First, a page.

Dutch industry aims for 100% responsible soy by 2015
Members of industry in the Netherlands have jointly announced their intent to work towards a supply chain of 100% responsibly produced soy by 2015. Dutch retailers, manufacturers, traders, feed processors, and NGOs in the soy value chain – in addition to the Sustainable Trade Initiative (IDH) – said a total of 7 million euro will be invested by the participating groups.
Joost Oorthuizen, general manager of IDH, said that the deal “represents a milestone in the field of sustainable trade.”
Earlier this year the Dutch food and feed industry expressed its ambition to become a leader in the use of responsible soy cultivated according to the principles of the Round Table on Responsible Soy (RTRS). Members of the industry have agreed to join forces to achieve the transition.
“This investment will enable growers in South America, as well as other supply chain parties, to implement the necessary improvements for achieving RTRS-certification. By opting for RTRS-certified soy, we want to ensure that no valuable nature is destroyed as a result of soy cultivation,” added Oorthuizen.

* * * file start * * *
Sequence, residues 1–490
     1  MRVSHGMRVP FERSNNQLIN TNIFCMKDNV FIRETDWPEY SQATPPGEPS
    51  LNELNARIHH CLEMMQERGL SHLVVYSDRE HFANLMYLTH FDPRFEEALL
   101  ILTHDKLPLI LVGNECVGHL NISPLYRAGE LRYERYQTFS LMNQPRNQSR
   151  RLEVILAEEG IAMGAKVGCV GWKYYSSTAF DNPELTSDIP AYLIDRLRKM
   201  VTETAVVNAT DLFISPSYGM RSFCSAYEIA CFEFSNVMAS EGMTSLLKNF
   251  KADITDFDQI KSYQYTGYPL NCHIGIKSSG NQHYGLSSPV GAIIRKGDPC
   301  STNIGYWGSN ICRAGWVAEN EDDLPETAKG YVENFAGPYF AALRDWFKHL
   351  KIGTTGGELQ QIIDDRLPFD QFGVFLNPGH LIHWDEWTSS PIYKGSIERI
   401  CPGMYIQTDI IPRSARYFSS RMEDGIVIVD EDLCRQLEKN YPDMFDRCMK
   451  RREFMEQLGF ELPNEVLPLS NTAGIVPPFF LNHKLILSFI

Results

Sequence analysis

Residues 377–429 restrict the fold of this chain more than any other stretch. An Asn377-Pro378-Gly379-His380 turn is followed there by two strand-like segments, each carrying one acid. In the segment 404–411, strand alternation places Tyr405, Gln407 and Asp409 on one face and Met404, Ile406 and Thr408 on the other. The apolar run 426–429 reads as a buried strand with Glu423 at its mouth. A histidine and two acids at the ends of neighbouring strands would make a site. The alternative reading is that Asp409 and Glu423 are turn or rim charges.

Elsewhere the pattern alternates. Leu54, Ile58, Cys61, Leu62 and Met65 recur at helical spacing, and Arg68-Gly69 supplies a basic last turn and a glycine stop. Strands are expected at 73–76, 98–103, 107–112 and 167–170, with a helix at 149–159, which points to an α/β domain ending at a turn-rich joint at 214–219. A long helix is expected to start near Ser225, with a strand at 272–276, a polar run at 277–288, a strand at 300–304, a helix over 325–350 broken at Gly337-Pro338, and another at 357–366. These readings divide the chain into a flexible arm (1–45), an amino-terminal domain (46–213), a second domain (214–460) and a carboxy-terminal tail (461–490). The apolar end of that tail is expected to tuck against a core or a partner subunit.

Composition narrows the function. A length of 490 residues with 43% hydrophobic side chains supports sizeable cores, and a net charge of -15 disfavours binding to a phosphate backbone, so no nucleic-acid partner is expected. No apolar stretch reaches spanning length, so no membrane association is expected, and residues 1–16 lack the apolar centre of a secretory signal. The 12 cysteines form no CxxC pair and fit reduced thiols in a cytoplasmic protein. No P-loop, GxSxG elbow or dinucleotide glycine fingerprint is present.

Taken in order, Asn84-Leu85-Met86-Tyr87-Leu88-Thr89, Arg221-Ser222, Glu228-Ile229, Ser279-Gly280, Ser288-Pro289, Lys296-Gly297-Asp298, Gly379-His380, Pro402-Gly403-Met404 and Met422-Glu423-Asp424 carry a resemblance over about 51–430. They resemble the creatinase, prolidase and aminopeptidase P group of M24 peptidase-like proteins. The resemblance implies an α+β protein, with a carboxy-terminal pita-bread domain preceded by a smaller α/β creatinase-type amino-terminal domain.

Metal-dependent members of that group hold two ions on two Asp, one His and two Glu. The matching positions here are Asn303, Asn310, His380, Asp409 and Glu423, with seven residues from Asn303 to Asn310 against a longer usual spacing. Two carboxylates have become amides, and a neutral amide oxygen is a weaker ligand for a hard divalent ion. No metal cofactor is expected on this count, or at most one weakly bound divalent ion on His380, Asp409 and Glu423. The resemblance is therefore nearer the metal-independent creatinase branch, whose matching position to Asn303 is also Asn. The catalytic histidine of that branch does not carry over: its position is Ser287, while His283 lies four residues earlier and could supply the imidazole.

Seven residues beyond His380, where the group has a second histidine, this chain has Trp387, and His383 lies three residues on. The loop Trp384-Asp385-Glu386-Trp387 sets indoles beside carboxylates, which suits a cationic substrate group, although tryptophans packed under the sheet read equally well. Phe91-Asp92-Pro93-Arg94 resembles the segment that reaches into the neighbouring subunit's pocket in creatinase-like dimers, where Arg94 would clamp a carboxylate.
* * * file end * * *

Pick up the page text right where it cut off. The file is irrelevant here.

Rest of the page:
The overall objective is to achieve a 100% use of responsible soy for the production of meat, dairy, eggs and other foods in The Netherlands by 2015. Over the next few years, the participating companies aim to purchase increasingly large volumes of responsibly produced soy: 500,000 tons in 2012, 1,000,000 tons in 2013 and 1,500,000 tons in 2014.
Companies and organisations participating include IDH, the Dutch Meat Association, Dutch dairy companies (including FrieslandCampina), farmers’ union LTO Nederland, the Product Board for Poultry and Eggs and the Product Board for Margarine, Fats and Oils.
It is understood that half of the 7 million euro investment requited will be financed by trade and industry, while the Sustainable Trade Initiative (IDH) will finance the other half.
Henk Flipsen, CEO of Nevedi – the Dutch Feed Industry Association – said: “Ultimately, the criteria for responsibly produced soy need to be included in generic quality standards. Only then will the transition to 100% responsible soy be ensured.”
The project has also received backing from WWF Netherlands and other environmental organisation, including ‘Natuur & Milieu’ and the Solidaridad development organisation.